Dr. Bell Finds Dramatic Abnormalities in CFIDS - Part 2 of 2
by Joan S. Livingston
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[Dr. David S.] Bell and [Dr. David H.] Streeten obtained their most recent, detailed findings about ANS [autonomic nervous system] dysfunction through "a very simple test, one that can be performed anywhere, using only a blood-pressure cuff." The patient lies down quietly for 10 minutes while a nurse takes his or her pulse and blood pressure (BP) several times; then the patient is asked to stand quietly for 30 minutes while the same measurements are taken.
Bell pointed out that when a normal person stands up, the pulse may or may not rise slightly at first; the blood pressure usually remains stable (a graph of the systolic and diastolic numbers is notable for its constancy-a "band" that stays the same size); and the pulse pressure remains constant.
Despite the fact that their pulses and BPs were "pretty normal" while lying down, study participants consistently displayed orthostatic irregularities-last-ditch efforts to force blood to the brain-which were categorized into five basic patterns or subgroups. Many patients, however, actually had more than one of the following abnormalities:
A fall in systolic (upper) BP of 20 mmHg (millimeters of mercury) or more.
A fall in diastolic (lower) BP of 10 mmHg or more. Dr. Bell notes, "This seems to be the least common abnormality in the CFS [Chronic Fatigue Syndrome] patients I have tested. The body will put out adrenaline and other chemicals as a result of decreased blood circulation, which narrows the blood vessels further."
A rise in diastolic BP to 98 mmHg or more. Explains Bell, "The lower number of the BP often reflects systemic resistance, and while standing many CFS patients seem to 'raise' this lower number up in an attempt to push blood to the brain."
An increase in heart rate of 28 beats per minute (bpm) OR a pulse of more than 110-120 bpm. Also known as POTS for postural orthostatic tachycardia syndrome, this was a very common finding even among patients with other severe deviations.
A fall in pulse pressure-the difference between systolic and diastolic-to 18 mmHg or lower (vs. the 40-point difference in a "normal" BP of 120/80, for example). Dr. Bell explains, "Usually, when the pulse pressure falls much below 20, you can't even read the person's pulse. When it falls this low, the patient is in a state of circulatory shock."
In the most recent edition of his publication, The Lyndonville News, Bell wrote briefly about a woman with systolic hypotension: "One patient had a normal BP lying down (100/60) but it fell to 60/0 on standing. No wonder she was unable to remain upright-a blood pressure that low is really unable to circulate blood. In any ICU [intensive care unit] they would panic seeing a blood pressure like that. And yet she was turned down for disability because she was considered a hypochondriac." Her case was not unusual in Bell's study or in his clinical practice.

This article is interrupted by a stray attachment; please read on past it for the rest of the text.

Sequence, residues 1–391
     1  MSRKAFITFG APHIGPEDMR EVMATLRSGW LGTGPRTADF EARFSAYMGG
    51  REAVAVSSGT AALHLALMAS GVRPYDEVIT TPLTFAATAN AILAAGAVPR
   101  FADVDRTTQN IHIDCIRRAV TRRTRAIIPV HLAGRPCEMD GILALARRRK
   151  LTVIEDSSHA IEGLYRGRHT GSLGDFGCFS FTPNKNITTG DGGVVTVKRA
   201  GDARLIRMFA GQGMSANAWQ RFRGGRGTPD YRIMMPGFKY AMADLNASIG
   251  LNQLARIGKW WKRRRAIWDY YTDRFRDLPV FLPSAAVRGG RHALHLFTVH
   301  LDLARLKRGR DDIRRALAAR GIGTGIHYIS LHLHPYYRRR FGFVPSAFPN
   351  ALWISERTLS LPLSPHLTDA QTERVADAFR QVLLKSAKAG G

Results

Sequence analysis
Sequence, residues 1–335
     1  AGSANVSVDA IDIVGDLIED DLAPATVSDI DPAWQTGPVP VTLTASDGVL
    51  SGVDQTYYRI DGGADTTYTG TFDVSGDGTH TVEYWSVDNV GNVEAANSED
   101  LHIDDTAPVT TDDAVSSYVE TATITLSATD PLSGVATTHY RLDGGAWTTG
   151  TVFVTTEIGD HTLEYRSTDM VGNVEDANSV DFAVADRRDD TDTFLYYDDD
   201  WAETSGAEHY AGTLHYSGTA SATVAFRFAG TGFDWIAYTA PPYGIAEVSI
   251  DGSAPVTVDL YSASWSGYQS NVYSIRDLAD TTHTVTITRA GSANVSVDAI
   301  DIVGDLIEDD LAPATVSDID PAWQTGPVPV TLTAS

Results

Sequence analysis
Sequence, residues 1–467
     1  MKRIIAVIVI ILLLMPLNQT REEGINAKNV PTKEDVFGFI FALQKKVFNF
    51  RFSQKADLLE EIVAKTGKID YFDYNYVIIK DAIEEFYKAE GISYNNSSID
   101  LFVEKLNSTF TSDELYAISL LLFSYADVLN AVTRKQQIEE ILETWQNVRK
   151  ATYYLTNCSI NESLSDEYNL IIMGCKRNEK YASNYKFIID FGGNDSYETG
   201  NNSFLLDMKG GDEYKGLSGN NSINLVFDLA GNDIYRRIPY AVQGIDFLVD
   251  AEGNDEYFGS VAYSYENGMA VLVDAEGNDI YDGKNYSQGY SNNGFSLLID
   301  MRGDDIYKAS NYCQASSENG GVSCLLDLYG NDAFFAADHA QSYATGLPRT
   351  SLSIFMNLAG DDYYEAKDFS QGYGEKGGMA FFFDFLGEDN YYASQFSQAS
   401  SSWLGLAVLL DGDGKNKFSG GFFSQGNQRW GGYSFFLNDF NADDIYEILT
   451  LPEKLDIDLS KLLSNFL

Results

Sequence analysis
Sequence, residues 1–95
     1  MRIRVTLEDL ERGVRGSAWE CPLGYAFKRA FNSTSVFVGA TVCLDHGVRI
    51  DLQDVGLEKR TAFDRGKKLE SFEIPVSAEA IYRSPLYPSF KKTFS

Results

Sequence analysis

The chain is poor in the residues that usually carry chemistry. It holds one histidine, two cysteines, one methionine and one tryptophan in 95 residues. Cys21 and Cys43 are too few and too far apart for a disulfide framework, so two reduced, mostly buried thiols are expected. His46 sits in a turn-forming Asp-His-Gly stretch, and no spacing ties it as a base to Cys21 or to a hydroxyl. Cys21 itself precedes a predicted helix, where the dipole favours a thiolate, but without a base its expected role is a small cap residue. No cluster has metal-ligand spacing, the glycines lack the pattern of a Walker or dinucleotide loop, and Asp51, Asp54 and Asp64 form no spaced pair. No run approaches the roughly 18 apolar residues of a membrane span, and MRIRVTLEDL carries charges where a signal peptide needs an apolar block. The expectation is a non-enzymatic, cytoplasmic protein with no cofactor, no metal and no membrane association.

Among the chemicals released by the ANS are cortisol, dopamine, epinephrine (adrenaline), and norepinephrine (very similar to epinephrine but with somewhat less effect on the heart). Dr. Bell suggested that most of these chemicals are probably involved in CFIDS [Chronic Fatigue and Immune Dysfunction Syndrome] -especially when released inappropriately, causing further vasoconstriction in those furnace pipes. He cited a recent article regarding norepinephrine (released by the adrenal gland), which noted a relationship between orthostatic intolerance and "norepinephrine transport." Bell suggested that "a physiological mishandling of norepinephrine" may play a role in CFIDS.
Monitoring "hyperadrenergic" (norepinephrine-related) orthostatic problems, Bell predicted, is likely to prove a helpful measure in the future. "Norepinephrine is the best method the body has for getting blood to the brain, to get that mental clarity of the fight-or-flight response," he noted. "But in CFS it seems to get kicked in inappropriately. Half the patients I've tested have an abnormality on testing. I think we'll soon see testing of such things as plasma norepinephrine when patients are experiencing orthostatic symptoms.
"[Norepinephrine is] good for getting blood to the brain but it's counterproductive in CFIDS-it probably causes further vasoconstriction, it raises pulse, it causes panicky symptoms and makes you feel tremulous, it causes exhaustion and forgetfulness, and it can cause poor sleep later." Many CFIDS patients can relate to that frazzled, revving-on-empty feeling.
While Bell and Streeten have yielded further insights into the body's different responses to low circulating blood volume, there are no answers yet about how best to treat the five subgroups they identified. Perhaps one group will turn out to comprise the "Florinef responders"; in the past Bell has seemed bedeviled by the fact that the drug has worked so well for some PWCs but not others (relatively few of his own patients have shown improvement on it).
While there is still nothing as simple as a swab strep-throat culture for diagnosing CFIDS, the subgrouping may be a step in that direction, as well as toward determining the optimum treatment for each subgroup. "The reason I'm excited about this [most recent study] is that it provides a method to subgroup patients and perhaps to find the different mechanisms behind each abnormality," Bell said. With these mechanisms more fully understood, advances in therapies should follow.
Previous - Part 1
Copyright © 2000, Joan S. Livingston
Posted with permission from the author.
This article was originally posted at chronicfatigue.about.com in July 2000.
Note: Dr. David H. Streeten died September of 2000. His research and understanding of Orthostatic Intolerance (OI) will always be greatly appreciated.
Information in brackets has been added.
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